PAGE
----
Webster's Unabridged Dictionary - Letter H - Page 49

Hosting (n.) A muster or review.

Hostler (n.) An innkeeper. [Obs.] See Hosteler.

Hostler (n.) The person who has the care of horses at an inn or stable; hence, any one who takes care of horses; a groom; -- so called because the innkeeper formerly attended to this duty in person.

Hostler (n.) The person who takes charge of a locomotive when it is left by the engineer after a trip.

Hostless (a.) Inhospitable.

Hostry (n.) A hostelry; an inn or lodging house.

Hostry (n.) A stable for horses.

Hot () imp. & p. p. of Hote.

Hot (superl.) Having much sensible heat; exciting the feeling of warmth in a great degree; very warm; -- opposed to cold, and exceeding warm in degree; as, a hot stove; hot water or air.

Hot (superl.) Characterized by heat, ardor, or animation; easily excited; firely; vehement; passionate; violent; eager.

Hot (superl.) Lustful; lewd; lecherous.

Hot (superl.) Acrid; biting; pungent; as, hot as mustard.

Hotbed (n.) A bed of earth heated by fermenting manure or other substances, and covered with glass, intended for raising early plants, or for nourishing exotics.

Hotbed (n.) A place which favors rapid growth or development; as, a hotbed of sedition.

Hot blast () See under Blast.

Hot-blooded (a.) Having hot blood; excitable; high-spirited; irritable; ardent; passionate.

Hot-brained (a.) Ardent in temper; violent; rash; impetuous; as, hot-brained youth.

Hotchpot (n.) Alt. of Hotchpotch

Hotchpotch (n.) A mingled mass; a confused mixture; a stew of various ingredients; a hodgepodge.

Hotchpotch (n.) A blending of property for equality of division, as when lands given in frank-marriage to one daughter were, after the death of the ancestor, blended with the lands descending to her and to her sisters from the same ancestor, and then divided in equal portions among all the daughters. In modern usage, a mixing together, or throwing into a common mass or stock, of the estate left by a person deceased and the amounts advanced to any particular child or children, for the purpose of a more equal division, or of equalizing the shares of all the children; the property advanced being accounted for at its value when given.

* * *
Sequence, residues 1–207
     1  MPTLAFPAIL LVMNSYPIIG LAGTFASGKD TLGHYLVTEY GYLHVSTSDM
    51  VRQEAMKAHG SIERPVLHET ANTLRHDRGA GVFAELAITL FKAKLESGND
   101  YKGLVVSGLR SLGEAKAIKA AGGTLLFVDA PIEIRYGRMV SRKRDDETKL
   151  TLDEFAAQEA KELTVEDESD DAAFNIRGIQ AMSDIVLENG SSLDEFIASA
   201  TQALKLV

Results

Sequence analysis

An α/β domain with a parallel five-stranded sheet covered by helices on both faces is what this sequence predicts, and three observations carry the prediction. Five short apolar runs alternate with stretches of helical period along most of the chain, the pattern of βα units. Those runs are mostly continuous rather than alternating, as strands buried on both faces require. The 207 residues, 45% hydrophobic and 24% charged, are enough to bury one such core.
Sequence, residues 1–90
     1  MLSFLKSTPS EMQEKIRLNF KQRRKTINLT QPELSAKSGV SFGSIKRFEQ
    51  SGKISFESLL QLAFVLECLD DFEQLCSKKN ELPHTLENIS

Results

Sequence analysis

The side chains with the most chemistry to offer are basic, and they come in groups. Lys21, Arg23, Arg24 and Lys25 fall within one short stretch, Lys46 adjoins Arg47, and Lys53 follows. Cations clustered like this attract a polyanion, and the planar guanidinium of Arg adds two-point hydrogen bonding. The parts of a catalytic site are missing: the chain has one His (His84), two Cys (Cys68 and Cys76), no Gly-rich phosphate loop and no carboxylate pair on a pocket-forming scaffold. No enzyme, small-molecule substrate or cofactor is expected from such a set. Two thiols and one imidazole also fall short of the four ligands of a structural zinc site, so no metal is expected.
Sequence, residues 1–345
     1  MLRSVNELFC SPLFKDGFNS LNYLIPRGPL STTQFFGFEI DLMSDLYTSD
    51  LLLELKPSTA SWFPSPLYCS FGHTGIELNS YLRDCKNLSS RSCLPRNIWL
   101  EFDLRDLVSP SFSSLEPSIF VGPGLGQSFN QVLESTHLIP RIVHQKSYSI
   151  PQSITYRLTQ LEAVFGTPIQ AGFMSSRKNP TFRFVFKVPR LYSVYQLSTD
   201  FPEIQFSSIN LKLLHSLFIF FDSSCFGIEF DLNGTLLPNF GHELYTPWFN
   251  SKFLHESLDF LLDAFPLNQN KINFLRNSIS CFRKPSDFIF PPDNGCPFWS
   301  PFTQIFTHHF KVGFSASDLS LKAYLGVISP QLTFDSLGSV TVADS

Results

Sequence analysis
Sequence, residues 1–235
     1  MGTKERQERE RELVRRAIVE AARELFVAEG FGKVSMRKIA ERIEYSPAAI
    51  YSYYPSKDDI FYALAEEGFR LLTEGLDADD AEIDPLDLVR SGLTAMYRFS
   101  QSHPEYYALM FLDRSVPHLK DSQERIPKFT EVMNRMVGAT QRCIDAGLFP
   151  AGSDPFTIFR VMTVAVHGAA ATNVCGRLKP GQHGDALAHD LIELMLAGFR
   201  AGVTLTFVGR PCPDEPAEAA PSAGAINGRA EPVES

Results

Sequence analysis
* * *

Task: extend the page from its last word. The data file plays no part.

Hotcockles (n.) A childish play, in which one covers his eyes, and guesses who strikes him or his hand placed behind him.

Hatte (pres. & imp.) of Hote

Hot () of Hote

Hote (p. p.) of Hote

Hoten () of Hote

Hot () of Hote

Hote (v. t. & i.) To command; to enjoin.

Hote (v. t. & i.) To promise.

Hote (v. t. & i.) To be called; to be named.

Hotel (n.) A house for entertaining strangers or travelers; an inn or public house, of the better class.

Hotel (n.) In France, the mansion or town residence of a person of rank or wealth.

Hotel-de-ville (n.) A city hall or townhouse.

Hotel-Dieu (n.) A hospital.

Hoten () p. p. of Hote.

Hotfoot (adv.) In haste; foothot.

Hot-head (n.) A violent, passionate person; a hasty or impetuous person; as, the rant of a hot-head.

Hot-headed (a.) Fiery; violent; rash; hasty; impetuous; vehement.

Hothouse (n.) A house kept warm to shelter tender plants and shrubs from the cold air; a place in which the plants of warmer climates may be reared, and fruits ripened.

Hothouse (n.) A bagnio, or bathing house.

Hothouse (n.) A brothel; a bagnio.

Hothouse (n.) A heated room for drying green ware.

Hot-livered (a.) Of an excitable or irritable temperament; irascible.

Hotly (a.) In a hot or fiery manner; ardently; vehemently; violently; hastily; as, a hotly pursued.

Hotly (a.) In a lustful manner; lustfully.

Hot-mouthed (a.) Headstrong.

Hotness (n.) The quality or state of being hot.

Hotness (n.) Heat or excitement of mind or manner; violence; vehemence; impetuousity; ardor; fury.

Hotpress (v. t.) To apply to, in conjunction with mechanical pressure, for the purpose of giving a smooth and glosay surface, or to express oil, etc.; as, to hotpress paper, linen, etc.

Hotpressed (a.) Pressed while heat is applied. See Hotpress, v. t.

Hot-short (a.) More or less brittle when heated; as, hot-short iron.

Hot-spirited (a.) Having a fiery spirit; hot-headed.

Hotspur (n.) A rash, hot-headed man.